Previous research   has shown that the graph structure of Wikipedia, which consists of articles and categories related to each other, encodes relevant information, which allows extracting reliable expansion features. We present ENRICH, which is a collaborative task between academia and industry to take advantage of previous research findings. ENRICH is a query rewriting system service that specializes its expansions for each particular website. It uses Wikipedia as a generic knowledge base (KB) out of which it derives a website‐ specific knowledge base (WS‐KB), the structure of which is exploited to identify strongly related concepts that are good candidates to be used as expansion features.
The main goal of ENRICH is to improve the search experience of users, offering a query rewriting service in the cloud that is based on Wikipedia and really easy for webmasters to integrate it in their sites.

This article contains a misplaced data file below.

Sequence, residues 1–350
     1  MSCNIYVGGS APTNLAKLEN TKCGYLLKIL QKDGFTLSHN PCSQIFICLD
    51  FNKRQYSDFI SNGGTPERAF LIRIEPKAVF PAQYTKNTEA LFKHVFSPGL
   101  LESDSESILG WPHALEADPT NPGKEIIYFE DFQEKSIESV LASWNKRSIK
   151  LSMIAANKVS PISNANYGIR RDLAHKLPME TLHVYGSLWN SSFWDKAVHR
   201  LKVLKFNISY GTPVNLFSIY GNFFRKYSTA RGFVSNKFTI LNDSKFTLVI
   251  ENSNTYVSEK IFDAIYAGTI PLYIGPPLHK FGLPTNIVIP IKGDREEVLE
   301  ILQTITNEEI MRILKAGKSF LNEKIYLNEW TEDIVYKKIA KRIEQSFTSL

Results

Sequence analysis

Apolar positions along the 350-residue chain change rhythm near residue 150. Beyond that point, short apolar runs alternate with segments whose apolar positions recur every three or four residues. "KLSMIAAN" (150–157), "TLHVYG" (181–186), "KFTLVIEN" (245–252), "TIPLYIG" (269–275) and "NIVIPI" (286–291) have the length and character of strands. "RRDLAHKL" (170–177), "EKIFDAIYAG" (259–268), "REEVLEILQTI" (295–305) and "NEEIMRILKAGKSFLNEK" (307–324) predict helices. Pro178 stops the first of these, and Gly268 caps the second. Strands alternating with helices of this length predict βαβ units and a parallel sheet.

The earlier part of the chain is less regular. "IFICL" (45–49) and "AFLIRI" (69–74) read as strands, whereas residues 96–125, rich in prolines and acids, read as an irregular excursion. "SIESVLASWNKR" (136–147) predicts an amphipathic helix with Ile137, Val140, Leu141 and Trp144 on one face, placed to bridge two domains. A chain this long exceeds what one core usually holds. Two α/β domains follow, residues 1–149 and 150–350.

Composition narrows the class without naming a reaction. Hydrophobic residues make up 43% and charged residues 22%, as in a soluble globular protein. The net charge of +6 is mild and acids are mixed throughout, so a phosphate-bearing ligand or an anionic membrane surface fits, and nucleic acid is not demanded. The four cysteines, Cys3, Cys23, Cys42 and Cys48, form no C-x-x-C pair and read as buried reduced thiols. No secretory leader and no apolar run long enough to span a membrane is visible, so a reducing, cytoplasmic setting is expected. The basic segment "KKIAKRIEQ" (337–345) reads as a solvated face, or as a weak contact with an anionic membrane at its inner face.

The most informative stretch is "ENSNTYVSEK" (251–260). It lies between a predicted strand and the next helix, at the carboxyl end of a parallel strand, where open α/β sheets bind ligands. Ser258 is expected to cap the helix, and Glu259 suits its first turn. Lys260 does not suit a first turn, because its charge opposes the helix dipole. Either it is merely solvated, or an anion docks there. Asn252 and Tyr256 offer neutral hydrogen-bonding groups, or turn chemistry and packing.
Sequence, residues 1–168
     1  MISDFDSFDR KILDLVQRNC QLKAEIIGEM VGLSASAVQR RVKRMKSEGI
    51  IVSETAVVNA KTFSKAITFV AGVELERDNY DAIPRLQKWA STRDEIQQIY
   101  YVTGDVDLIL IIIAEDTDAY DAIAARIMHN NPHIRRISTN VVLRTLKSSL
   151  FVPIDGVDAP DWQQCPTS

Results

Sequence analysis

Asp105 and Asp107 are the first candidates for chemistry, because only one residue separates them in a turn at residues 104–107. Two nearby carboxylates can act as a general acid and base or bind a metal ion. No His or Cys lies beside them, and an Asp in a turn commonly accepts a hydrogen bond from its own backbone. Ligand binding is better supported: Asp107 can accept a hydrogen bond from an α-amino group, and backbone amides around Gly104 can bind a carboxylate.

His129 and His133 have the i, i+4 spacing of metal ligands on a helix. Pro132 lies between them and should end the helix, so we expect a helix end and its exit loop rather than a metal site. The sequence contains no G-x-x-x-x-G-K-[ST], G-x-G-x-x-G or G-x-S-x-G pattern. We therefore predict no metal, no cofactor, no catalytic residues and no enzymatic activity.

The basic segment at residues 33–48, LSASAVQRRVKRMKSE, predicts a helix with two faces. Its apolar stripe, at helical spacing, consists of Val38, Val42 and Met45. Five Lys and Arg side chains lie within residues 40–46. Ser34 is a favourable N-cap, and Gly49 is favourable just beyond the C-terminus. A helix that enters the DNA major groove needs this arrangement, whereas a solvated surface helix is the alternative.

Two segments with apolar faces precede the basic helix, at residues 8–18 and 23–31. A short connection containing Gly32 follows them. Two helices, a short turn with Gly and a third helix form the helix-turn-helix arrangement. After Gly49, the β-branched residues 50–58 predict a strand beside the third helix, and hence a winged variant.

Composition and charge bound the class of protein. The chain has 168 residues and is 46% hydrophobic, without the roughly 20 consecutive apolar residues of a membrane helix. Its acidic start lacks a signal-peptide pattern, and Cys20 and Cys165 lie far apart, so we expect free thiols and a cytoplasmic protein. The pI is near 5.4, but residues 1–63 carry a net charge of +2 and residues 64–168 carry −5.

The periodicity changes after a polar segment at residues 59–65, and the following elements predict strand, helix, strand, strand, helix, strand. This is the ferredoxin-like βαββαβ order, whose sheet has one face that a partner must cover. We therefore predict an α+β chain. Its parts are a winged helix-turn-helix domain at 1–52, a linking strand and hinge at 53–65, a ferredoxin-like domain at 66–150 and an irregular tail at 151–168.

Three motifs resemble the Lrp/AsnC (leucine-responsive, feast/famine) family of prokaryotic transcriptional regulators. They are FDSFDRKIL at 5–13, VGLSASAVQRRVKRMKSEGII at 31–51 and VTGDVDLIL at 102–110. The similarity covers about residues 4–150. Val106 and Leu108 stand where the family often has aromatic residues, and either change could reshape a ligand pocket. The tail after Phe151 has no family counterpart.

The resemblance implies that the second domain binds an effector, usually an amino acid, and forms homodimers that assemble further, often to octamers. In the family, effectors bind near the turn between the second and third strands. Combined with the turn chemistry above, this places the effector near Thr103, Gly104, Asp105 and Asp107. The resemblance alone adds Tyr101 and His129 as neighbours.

ENRICH specializes its expansions for each site as op‐ posed to general query rewriting techniques, which offer generic solutions independently of the website topic and vocabulary. For that purpose, ENRICH analyzes each website and uses Wikipedia to identify its entities, which are defined as the real world concepts. It also identifies the way they are referred in the website. Notice that the same entity can have several names, for example, car, auto, automobile are alter‐ native names for the same entity. We call the set of entities that appear in the website, website entities, and their names (those that are used in the website), appearance names.